May 3, 2011
What are Accepted Miracles for Sainthood?
Given the recent beatification of Pope John Paul II, it seems timely to talk about the Catholic Church’s thoughts on “accepted miracles” regarding beatification and sainthood. The miracle ascribed to the late Pope is the sudden cure of a French nun’s neurological disorder after she prayed to his memory. Miracles ascribed to saints and blessed individuals have varied significantly over the ages. Most traditional miracles tend to involve unexpected, immediate and totally complete healing that cannot be explained by modern science – such as in the case of the French nun. There are other miracles that are accepted, but far less common. This includes incorruptibility, odor of sanctity, signs of stigmata, bilocation and levitation.
Incorruptibility – This refers to cases where, despite a complete lack of embalming or preservation, the body does not decay following death.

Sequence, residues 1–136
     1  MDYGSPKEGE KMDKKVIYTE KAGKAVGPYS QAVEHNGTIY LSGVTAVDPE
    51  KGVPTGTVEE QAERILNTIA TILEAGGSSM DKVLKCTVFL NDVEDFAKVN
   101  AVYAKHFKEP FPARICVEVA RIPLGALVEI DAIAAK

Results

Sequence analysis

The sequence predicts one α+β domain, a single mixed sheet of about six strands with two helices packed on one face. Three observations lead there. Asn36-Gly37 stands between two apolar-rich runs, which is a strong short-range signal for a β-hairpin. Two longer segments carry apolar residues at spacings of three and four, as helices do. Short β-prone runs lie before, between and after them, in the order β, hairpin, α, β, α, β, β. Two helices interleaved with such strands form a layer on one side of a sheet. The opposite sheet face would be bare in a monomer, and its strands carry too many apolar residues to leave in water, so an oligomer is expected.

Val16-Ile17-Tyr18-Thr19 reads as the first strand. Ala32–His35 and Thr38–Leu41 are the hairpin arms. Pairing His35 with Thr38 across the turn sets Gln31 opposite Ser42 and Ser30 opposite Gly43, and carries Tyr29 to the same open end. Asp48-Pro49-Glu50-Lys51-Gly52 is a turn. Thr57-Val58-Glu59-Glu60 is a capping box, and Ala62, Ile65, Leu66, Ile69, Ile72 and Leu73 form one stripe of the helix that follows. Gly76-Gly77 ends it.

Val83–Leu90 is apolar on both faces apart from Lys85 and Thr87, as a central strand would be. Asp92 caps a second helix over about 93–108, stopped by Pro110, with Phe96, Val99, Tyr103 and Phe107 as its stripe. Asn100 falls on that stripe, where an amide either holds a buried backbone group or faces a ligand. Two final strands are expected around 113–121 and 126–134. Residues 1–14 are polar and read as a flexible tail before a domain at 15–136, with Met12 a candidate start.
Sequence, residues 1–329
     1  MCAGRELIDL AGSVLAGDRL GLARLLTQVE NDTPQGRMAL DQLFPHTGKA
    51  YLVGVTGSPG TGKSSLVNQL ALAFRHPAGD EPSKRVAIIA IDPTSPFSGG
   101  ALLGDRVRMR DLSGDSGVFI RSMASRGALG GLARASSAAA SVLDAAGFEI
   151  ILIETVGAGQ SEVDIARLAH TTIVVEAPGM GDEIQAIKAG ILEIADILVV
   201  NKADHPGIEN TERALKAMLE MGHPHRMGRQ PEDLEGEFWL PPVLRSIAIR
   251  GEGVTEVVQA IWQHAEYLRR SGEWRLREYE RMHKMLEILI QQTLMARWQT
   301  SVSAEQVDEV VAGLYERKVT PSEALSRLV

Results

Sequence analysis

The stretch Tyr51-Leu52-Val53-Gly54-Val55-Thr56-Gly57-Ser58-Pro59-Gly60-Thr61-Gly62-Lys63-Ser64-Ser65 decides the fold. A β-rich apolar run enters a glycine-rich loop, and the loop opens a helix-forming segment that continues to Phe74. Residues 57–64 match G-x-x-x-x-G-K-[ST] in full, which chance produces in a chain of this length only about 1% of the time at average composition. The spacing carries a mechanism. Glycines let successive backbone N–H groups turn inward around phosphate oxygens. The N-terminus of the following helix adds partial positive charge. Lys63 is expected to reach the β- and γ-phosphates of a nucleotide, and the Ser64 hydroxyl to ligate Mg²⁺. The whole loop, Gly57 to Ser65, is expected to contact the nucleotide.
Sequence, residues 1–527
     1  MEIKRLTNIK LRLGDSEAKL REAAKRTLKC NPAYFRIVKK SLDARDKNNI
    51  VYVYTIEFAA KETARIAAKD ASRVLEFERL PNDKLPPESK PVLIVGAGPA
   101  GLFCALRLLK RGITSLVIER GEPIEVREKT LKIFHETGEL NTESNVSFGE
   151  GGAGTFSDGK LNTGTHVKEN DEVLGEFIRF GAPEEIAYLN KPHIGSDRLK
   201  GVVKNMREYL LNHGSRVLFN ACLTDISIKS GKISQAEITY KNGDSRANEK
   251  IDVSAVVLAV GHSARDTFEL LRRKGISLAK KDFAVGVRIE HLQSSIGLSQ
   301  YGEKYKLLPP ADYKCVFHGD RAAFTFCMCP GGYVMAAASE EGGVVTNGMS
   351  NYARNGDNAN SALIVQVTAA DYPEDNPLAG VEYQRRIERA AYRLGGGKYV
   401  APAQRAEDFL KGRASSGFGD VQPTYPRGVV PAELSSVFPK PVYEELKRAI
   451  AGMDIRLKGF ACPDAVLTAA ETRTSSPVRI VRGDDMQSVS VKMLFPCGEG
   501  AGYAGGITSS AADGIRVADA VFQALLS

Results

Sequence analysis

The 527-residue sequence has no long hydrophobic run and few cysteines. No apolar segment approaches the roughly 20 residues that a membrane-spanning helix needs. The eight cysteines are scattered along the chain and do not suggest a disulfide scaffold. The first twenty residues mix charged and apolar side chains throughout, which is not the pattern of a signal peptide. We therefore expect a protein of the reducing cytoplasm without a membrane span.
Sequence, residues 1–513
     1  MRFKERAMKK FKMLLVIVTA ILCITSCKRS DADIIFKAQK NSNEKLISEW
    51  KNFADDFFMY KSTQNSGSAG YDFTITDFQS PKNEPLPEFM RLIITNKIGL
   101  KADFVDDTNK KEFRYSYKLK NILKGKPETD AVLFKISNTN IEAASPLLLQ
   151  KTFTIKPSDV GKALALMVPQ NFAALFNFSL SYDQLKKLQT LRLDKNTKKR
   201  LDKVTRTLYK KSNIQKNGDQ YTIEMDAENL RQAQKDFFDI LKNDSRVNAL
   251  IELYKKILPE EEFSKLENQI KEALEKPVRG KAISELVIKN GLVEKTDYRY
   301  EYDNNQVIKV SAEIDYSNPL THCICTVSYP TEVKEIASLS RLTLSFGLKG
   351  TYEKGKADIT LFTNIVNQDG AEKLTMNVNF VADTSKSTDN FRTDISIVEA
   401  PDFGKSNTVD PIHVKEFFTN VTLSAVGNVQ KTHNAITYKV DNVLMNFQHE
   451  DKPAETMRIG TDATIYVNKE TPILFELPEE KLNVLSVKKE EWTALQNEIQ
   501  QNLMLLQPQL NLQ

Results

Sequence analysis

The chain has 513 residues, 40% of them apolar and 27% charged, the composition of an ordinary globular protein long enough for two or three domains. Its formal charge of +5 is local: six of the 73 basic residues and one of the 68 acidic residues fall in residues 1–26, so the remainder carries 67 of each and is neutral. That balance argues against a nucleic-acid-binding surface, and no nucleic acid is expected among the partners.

The odor of sanctity – Following death a sweet smell of roses exudes from the body. Again, only non-embalmed bodied qualify.
Signs of stigmata – One or more of the five wounds resembling those that Christ suffered during the crucifixion are visible on a person while they are alive.
Bilocation – While alive, the person is proved to be in two places at once.
Levitation - Cases where there is evidence that a person is able to suspend in the air, defying the laws of gravity.
References: Saints for Dummies by Rev. John Trigilio and Kenneth Brighenti